“I don’t think we’re going to hit spring numbers. Interest rates remain unchanged and I think that will have an influence on prices and overall activity,” he explained. “I anticipate that the fall market, leading up to Christmas, will be quite consistent and strong.”
Hogue shares Johal’s cautious view on what will happen with Ontario real estate as fall approaches, saying the seasonally adjusted numbers for summer were much worse than spring sales.
“Once you take that into consideration, the traditional slowdown, even then, the July and August numbers of this year were a slowdown compared to what we saw in the spring,” the economist explained.
He also noted that the rebound seen in the spring appears to have reversed, which suggests things to come in the fall.
Buyers were cautious in the fall of 2022 and will remain so in 2023, especially with the possibility of another rate hike in November if inflation persists.
“Buyers are acting like they did last fall, and it was last fall that we saw continued rate hikes,” Kyte said. “So if buyers were going to buy, they wanted to make sure the house was in good condition, that it was what they were looking for.”
Hogue says RBC believes there could be at most one more rate hike from the Bank of Canada, but current rates are likely high enough to keep most first-time buyers away. House.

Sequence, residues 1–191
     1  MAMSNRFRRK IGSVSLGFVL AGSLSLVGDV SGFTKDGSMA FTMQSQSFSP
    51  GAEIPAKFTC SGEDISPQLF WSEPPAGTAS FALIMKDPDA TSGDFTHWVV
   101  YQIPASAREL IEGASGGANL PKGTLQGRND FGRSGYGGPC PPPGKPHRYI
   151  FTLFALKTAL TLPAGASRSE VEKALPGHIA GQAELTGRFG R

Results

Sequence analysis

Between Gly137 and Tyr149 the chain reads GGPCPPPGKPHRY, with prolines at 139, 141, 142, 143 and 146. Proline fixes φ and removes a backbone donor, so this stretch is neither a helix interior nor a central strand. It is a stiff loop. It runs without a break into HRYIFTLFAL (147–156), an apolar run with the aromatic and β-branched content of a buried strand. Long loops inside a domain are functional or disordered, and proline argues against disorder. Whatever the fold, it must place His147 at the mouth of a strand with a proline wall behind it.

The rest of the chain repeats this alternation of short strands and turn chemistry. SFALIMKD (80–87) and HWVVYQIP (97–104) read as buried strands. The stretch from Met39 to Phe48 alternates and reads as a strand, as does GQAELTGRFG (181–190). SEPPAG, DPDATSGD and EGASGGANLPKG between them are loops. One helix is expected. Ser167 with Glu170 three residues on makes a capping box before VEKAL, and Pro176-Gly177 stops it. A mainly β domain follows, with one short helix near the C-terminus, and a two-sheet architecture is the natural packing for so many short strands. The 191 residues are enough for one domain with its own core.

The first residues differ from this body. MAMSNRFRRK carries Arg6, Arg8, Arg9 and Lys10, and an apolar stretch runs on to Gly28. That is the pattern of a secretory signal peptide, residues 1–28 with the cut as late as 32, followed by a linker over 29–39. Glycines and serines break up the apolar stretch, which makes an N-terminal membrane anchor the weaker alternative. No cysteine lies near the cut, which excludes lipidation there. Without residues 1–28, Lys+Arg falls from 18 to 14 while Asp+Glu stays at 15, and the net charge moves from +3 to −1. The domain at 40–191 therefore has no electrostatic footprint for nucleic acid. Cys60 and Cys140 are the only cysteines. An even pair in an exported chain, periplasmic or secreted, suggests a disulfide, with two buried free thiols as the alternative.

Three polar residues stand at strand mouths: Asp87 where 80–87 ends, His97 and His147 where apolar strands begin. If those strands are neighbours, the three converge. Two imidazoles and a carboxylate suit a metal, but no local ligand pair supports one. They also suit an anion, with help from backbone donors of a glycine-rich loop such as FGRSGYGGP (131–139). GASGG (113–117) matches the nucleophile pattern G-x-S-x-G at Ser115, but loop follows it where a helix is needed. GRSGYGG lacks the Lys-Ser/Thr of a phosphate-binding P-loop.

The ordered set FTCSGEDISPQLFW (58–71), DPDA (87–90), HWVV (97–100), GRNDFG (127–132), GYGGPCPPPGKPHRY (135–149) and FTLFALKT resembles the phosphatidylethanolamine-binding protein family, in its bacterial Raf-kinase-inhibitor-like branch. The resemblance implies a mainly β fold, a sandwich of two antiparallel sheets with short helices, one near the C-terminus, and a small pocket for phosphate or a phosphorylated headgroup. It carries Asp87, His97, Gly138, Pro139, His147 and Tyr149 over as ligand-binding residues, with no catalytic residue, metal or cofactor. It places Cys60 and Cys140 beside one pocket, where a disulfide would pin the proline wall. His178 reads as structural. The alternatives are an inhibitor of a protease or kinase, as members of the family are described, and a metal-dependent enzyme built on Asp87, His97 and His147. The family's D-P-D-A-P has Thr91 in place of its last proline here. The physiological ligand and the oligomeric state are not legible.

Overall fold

“It might take a month or two for the market to come to that conclusion,” Hogue said of the idea of ending rate hikes. “And then you might see some people come back. But the fact is, affordability is still a big issue, especially for first-time homebuyers.”
The economist also noted that if unemployment rates rise, it could drive people out of the market.
“We also believe that the Canadian economy has already entered a very slight recession,” he said. “This therefore risks undermining the confidence of certain people. »
Kyte looks back at how sellers reacted last year, providing an opportunity to explain how they might act in fall 2023.
He said if the houses were priced right, they would move, but if not, they would make adjustments.
“Some sellers decide to maintain the status quo, others decide to adjust their price downward to attract new buyers who may want to buy before winter,” the real estate agent said of the market. ‘Ottawa. “And others just decide it might not be the right time for them to be in the market.”
In fashion now
The Ottawa real estate agent noted that if that were the case, some sellers would take homes off the market and relist them in the spring, which is traditionally a busier time in real estate.
In Toronto, Powell says the slowdown has created a more balanced market, which has allowed conditional offers to return to the market.